On 26 August 1993 an ATC civilian instructor was seriously injured and the RAF Volunteer Reserve pilot, Group Captain Roger Sweatman, was killed when their Chipmunk trainer, on an air experience flight, crashed after encountering difficulties during a simulated emergency low-height manoeuvre on take-off. The pilot attempted to recover the aircraft in a reciprocal approach; however, it struck the roof of the engine repair and overhaul squadron hangar and crashed to the ground at the foot of the adjacent hangar. The accident was investigated by an air crash investigation team and was attributed to pilot error. Ref MOD/RAF accident Report.

Just before 1100 GMT on 11 February 2009, two Grob Tutor aircraft flying out of St Athan were involved in a mid-air collision in which two Air Training Corps cadets and their instructors, both RAF pilots, died. With the cause of the incident uncertain, three separate enquiries were undertaken, including one by the Air Accidents Investigation Branch. The AAIB investigation report, published on 3 November 2010, concluded that the two aircraft simply failed to see each other due to obstructions on the canopy structure and the relative size and lack of conspicuity of the aircraft.[31] The two cadet passengers were cousins and were named as Katie Jo Davies, 14, and Nikitta Walters, 13; the RAF pilots were named as Flying Officer Hylton Price and Flight Lieutenant Andrew Marsh.[32]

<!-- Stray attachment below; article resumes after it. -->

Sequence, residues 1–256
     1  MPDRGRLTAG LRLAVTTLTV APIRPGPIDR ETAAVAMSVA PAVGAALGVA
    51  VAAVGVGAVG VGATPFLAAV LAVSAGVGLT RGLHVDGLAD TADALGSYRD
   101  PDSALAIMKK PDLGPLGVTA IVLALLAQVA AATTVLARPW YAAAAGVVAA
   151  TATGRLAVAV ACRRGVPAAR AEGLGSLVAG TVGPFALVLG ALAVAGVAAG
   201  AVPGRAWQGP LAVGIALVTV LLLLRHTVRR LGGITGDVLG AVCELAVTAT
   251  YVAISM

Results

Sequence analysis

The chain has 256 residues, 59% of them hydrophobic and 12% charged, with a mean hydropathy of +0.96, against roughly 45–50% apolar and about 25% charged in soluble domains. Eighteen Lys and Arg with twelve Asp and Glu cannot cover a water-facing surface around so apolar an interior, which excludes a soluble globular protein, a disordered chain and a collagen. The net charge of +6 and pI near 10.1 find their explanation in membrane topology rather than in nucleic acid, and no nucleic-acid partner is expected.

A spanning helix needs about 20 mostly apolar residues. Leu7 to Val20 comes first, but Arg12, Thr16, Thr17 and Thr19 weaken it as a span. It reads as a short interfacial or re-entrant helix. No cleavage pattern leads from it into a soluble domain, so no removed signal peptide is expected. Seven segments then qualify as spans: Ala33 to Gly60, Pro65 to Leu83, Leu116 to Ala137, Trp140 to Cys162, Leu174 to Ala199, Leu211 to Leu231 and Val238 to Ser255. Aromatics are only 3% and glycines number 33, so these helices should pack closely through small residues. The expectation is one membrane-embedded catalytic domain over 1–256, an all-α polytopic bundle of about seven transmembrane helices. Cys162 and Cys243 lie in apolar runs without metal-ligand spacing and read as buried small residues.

St Athan in mediaEdit

The proximity of the BBC production facility at Roath Lock (and previously Upper Boat Studios) makes St. Athan a popular choice for location shooting, and it has appeared in such TV programmes as Torchwood, Doctor Who and Sherlock, and also in the films The Killer Elite and Mr Nice.[33][34]

See alsoEdit


  1. ^ "EGSY — St Athan – AIS Package United Kingdom". Retrieved 20 August 2020.
  2. ^ "St Athan – 4 School of Technical Training". 2014. Archived from the original on 22 November 2014. Retrieved 28 November 2014.
  3. ^ "A History of the Administrative Apprentice Schemes". Royal Air Force Administrative Apprentice Association. 2014. Archived from the original on 30 November 2014. Retrieved 28 November 2014.
  4. ^ "RAF St Athan History". 2014. Archived from the original on 19 March 2017. Retrieved 28 November 2014.
  5. ^ "Colonel Stuart Archer, GC – obituary". Daily Telegraph. 3 May 2015. Retrieved 3 May 2015.
  6. ^ "St. Athan". Airfields of Britain Conservation Trust. Retrieved 9 June 2020.
  7. ^ Berryman, P. E. (1955). "Formation of a Boy Entrant School at St. Athan". St. Athan Magazine. Retrieved 28 November 2014.
  8. ^ RAF Trade Training Archived 20 November 2008 at the Wayback Machine
  9. ^ Metrix Development Overview Archived 6 October 2008 at the Wayback Machine
  10. ^ "St Athan beckons for soldier prince". BBC News. London: BBC. 12 September 2003. Retrieved 28 November 2014.
  11. ^ "Q & A: Dara job losses". BBC News. London: BBC. 24 March 2004. Retrieved 28 November 2014.
  12. ^ "Select Committee on Welsh Affairs: Minutes of Evidence". House of Commons. 22 May 2006. Archived from the original on 24 September 2015. Retrieved 28 November 2014.